Mexico. 27 Cultural sites, six natural sites, 1 cultural/natural site, eight intangible Cultural Heritage sites. 23 sites to be considered to the list.
These are the basic UNESCO numbers, and believe me, there is so much more, that I immediately learned when I landed in Mexico City for a three-day project I cavalierly entitled: #MeetMeInMexicoCity. Yep, I was walking around the world’s 19th largest city thanks to a last minute invitation from Alitalia. to board its inaugural FCO-MEX non-stop flight with a bag and the answer to its single question: What would you do in 72 hours in Mexico City?
The question blew my mind. My only knowledge of Mexico, much less Mexico City, is relegated to a beautiful long weekend in Holbox, the brief Diego/Frida coverage in my modern art history recitation, and a love of Spanish-language movies. In other words, I know postcards and film clips. So to answer Alitalia’s question: Eat, Kahlo, Pyramids.
Given an entire alpha global city (which counts nearly nine million inhabitants across its 573 square miles, not to mention a total of20 million in the greater metropolitan area), I realized some kind of guidelines would be needed and thought about UNESCO’s ongoing list of cultural and natural heritage sites. As above, Mexico has 34 sites, with five of those cultural sites in and within one hour from Mexico City. All I needed was a plan and transport while intangible heritage, which includes indigenous art, music, markets, festivals, ceremonies and food, needed just a little foot work.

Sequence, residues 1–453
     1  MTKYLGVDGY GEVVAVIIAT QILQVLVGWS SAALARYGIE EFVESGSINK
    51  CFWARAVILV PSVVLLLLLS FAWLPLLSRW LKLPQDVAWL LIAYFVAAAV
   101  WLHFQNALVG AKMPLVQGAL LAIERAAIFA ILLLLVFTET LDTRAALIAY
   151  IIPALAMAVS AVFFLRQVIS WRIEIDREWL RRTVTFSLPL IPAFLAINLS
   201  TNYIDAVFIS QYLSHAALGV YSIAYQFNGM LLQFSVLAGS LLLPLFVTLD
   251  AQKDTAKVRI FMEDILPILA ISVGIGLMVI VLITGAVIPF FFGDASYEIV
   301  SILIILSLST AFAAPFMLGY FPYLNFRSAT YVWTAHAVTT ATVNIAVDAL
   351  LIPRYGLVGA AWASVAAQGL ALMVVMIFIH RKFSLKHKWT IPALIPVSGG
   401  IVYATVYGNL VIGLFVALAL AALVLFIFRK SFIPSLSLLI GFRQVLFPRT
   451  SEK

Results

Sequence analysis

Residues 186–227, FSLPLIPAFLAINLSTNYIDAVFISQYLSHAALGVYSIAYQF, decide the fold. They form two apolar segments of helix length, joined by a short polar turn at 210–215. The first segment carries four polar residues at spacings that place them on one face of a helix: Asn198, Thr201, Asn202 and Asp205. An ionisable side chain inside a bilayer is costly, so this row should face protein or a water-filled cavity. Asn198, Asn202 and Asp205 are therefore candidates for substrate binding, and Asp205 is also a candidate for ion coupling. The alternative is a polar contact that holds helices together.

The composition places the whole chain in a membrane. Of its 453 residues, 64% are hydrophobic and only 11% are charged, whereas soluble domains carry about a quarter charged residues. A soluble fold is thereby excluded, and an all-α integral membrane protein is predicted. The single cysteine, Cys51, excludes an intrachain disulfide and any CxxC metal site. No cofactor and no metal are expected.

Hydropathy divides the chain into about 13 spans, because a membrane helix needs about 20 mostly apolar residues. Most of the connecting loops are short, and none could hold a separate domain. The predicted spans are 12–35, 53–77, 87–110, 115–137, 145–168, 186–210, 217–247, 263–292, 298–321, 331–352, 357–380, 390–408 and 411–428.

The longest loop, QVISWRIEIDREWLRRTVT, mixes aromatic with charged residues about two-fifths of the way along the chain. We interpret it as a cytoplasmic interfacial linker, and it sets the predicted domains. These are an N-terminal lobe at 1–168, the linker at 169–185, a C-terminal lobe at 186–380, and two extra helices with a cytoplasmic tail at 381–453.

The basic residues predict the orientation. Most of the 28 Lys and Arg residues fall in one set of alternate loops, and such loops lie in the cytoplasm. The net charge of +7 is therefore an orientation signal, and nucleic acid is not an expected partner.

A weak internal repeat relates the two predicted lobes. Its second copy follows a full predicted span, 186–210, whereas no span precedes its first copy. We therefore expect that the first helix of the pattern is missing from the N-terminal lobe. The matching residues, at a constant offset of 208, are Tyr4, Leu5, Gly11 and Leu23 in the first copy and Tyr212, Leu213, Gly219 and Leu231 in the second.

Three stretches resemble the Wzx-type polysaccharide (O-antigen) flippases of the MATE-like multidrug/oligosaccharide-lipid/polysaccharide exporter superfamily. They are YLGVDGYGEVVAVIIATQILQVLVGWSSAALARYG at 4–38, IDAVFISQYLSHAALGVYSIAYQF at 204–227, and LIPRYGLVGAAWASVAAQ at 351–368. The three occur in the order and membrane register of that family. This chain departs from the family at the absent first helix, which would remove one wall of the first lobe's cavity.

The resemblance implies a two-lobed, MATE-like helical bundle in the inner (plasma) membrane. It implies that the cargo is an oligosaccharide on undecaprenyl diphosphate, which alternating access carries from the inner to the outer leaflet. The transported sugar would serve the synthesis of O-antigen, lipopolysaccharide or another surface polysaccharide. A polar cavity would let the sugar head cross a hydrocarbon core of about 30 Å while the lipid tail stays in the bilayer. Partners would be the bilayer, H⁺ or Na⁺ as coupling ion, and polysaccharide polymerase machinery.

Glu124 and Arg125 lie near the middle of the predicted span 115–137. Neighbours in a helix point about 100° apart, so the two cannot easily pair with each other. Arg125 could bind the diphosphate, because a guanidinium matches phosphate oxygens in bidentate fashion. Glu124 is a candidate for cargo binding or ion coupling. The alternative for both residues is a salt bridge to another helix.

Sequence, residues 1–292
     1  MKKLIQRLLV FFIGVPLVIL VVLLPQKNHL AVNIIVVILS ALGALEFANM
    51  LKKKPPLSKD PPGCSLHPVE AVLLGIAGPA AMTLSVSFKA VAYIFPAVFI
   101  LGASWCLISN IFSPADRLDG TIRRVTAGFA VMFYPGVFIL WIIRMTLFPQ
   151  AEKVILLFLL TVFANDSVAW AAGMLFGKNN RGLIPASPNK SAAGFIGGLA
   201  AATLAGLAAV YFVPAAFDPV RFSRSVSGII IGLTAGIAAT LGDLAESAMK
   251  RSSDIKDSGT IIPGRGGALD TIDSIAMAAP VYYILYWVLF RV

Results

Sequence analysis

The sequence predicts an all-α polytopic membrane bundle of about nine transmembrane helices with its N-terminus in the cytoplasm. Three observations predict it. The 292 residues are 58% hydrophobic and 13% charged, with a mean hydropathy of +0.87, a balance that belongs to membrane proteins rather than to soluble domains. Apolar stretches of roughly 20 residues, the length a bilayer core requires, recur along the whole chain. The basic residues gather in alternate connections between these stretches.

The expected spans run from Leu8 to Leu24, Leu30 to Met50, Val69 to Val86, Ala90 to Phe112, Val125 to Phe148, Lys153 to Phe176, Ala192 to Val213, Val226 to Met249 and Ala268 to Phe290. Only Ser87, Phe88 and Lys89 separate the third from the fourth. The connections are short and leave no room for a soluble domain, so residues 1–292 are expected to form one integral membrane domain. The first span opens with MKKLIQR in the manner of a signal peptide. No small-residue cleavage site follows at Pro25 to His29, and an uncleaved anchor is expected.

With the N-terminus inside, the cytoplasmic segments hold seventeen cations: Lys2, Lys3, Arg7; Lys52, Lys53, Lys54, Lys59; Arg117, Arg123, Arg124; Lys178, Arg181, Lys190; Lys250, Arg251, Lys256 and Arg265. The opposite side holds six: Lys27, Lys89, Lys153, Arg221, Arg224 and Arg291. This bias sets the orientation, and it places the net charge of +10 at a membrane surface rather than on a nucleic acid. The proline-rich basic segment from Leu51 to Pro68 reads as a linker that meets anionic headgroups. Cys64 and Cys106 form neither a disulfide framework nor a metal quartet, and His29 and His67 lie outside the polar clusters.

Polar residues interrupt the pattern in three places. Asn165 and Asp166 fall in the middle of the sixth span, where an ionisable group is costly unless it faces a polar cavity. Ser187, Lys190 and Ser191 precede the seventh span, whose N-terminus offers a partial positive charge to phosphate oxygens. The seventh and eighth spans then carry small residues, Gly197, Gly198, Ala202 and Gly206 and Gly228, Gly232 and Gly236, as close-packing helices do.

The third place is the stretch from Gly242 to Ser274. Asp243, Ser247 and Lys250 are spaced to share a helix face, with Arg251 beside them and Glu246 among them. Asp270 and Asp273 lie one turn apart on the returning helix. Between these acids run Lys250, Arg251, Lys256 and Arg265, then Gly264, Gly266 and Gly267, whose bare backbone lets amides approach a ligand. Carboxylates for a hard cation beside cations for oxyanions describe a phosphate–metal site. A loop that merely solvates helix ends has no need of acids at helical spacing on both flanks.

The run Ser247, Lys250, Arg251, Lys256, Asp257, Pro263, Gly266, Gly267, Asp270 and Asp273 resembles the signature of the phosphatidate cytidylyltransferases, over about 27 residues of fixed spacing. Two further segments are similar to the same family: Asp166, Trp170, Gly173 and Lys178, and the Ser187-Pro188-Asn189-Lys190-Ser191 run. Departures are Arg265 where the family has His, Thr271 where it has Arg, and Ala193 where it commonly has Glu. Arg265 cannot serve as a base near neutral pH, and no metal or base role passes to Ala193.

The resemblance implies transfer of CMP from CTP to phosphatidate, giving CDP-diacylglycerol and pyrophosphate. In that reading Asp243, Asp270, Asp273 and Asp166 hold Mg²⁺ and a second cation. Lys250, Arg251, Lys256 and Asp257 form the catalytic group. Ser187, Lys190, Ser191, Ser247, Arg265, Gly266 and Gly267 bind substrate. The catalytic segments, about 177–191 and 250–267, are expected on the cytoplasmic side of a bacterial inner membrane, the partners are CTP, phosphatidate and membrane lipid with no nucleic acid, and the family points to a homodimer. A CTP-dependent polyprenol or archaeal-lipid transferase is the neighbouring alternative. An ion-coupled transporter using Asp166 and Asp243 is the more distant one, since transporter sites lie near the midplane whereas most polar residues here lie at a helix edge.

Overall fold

Mexico City. Is. Amazing. From Tenochtitlan to today, Mexico City is a beautiful adventure in color, sound, taste and history. It was like standing in a wrinkle in time where history, art, culture and architecture overlapped and folded into each other. In three days, I had delicious different regional cuisine and ate every kind of Vitamina T – tacos, tamales, tlacoyas, and tortas – I stood in front of a huge Diego Rivera mural at the national university on the same day that I climbed 2000 year old temples in an archaeological site, I danced to mariachi on a floating garden in Xochimilco, walked around an international shrine, watched Aztec dancing, stood in the center the one of the biggest squares in the world, and caught up with Frida and Luis. My three day wrinkle in time wasa crazy and colorful rhythm of movement, imagery, scents and sounds. I want more.
The 34 properties in Mexico on the UNESCO World Heritage List.